LAS VEGAS -- A look at the top performers in the Day 11 final in Las Vegas:
Kyle Kuzma, Los Angeles Lakers
After winning the 2017 NBA Summer League Championship Game over the Portland Trail Blazers, 110-98, Lakers fans should be hoping what happens in Vegas doesn’t stay in Vegas. And in particular when it comes to Summer League showing of forward Kyle Kuzma. The 6’9” rookie forward out of Utah, acquired in a trade from Brooklyn, was selected 27th overall, but played his way onto the MGM Resorts All-NBA Summer League Second Team, displaying an ability all week to run to the rim or knock down 3-point shots. While Summer League MVP Lonzo Ball missed the championship game with a calf injury, Kuzma picked up the slack immediately, scoring 19 first-half points. He continued that production in the second half, draining a halfcourt shot to the end the end the third quarter and generating cheers of “Kuuuz” from the loud crowd of Lakers fans in attendance. Kuzma finished with 30 points (including 6-10 on threes) as well as 10 rebounds, and was named the championship Game MVP.
Caleb Swanigan, Portland Trail Blazers
Whenever a shot goes up, Portland big man Caleb Swanigan immediately begins looking around for a body to bang against, in search of yet another rebound. After being named to the MGM Resorts All-NBA Summer League First Team earlier in the day, Swanigan came out in the Championship Game and displayed deft touch, particularly in the midrange area. Playing mostly in a point-forward role and dealing from the free throw line area, Swanigan racked up 11 points, 8 boards and 5 assists in the first half. In an NBA trending increasingly toward the perimeter, Swanigan is a delightful throwback to the players who used to do damage in the paint. Swanigan finished with a team-best 25 points, 12 rebounds and 7 assists in Portland’s loss.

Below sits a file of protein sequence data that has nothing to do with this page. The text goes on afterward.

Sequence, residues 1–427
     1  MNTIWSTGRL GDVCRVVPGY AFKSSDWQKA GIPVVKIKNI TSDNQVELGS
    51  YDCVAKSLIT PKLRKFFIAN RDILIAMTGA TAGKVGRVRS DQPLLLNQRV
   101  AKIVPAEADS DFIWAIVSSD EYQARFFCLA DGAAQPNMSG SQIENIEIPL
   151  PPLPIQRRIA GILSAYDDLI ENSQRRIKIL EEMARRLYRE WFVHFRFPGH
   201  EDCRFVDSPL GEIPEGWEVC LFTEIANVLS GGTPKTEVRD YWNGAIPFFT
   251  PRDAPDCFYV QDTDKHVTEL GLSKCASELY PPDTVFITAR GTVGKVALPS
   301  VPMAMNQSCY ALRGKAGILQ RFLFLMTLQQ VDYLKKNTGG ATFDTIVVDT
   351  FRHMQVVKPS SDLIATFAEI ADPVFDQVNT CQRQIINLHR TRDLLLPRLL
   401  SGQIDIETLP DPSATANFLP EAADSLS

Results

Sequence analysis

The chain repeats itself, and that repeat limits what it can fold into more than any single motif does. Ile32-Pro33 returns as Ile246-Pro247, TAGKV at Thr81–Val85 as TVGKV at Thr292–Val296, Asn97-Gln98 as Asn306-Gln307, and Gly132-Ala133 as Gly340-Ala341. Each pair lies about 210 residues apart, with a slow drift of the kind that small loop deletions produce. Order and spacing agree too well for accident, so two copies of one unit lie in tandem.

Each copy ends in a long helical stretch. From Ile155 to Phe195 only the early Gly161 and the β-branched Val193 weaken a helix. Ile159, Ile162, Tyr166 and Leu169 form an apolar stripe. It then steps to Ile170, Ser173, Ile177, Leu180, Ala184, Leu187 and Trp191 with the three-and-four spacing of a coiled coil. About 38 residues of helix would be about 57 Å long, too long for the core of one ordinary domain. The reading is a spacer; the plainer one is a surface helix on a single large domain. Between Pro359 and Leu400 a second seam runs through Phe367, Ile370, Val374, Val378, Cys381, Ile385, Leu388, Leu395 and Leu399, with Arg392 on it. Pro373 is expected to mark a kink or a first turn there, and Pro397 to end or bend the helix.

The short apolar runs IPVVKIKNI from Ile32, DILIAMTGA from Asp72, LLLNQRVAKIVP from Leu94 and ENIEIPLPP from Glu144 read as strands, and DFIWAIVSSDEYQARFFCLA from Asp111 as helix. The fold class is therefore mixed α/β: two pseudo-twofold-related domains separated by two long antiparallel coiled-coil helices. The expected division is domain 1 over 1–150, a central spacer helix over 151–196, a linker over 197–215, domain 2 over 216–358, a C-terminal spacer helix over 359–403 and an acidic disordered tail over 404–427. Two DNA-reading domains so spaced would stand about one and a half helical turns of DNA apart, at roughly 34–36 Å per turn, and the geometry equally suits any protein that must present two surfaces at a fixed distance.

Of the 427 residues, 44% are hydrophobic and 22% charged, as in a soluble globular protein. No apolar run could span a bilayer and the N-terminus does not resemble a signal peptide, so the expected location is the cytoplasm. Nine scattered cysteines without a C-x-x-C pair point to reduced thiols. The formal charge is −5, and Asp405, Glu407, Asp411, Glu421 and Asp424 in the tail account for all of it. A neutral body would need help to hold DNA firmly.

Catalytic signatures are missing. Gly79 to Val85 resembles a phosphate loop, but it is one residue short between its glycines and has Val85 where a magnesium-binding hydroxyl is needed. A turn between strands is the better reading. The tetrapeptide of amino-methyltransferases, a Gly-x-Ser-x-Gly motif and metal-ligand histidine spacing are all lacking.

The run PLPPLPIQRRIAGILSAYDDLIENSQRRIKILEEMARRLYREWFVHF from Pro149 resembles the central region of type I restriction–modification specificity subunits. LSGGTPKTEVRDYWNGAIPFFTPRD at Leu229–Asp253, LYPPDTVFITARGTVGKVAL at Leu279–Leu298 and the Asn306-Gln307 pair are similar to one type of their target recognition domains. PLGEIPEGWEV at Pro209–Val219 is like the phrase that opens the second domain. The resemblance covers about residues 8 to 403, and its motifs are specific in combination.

Vander Blue, Los Angeles Lakers
Put simply, Vander Blue gets buckets. As a three-time G-League All-Star and the reigning G League MVP, Blue clearly understands how to put points on the board. Now he just has to figure out how to translate that skill to the next level --despite his extensive G league experience, he’s played in just 5 actual NBA games since leaving Marquette in 2013. Blue’s ability to the get to the basket is impressive, as is his understanding of floor spacing and skill at playing under control. With Ball missing the title game, Blue helped out more with ball-handling duties and helped the Lakers hang onto their lead down the stretch, finishing with 20 points and 6 assists.
Alex Caruso, Los Angeles Lakers
Stepping into Ball’s rotating sneaker lineup (as well as L.A.’s starting lineup) was guard Alex Caruso, whose performance throughout Summer League has already earned him a two-way contract from the Lakers for next season. While Caruso doesn’t have Ball’s innate ability to fling full-court passes to streaking teammates, he did manage to recreate Ball’s ability to fill the stat sheet, finishing the title game with 11 points, 9 assists and 7 boards.
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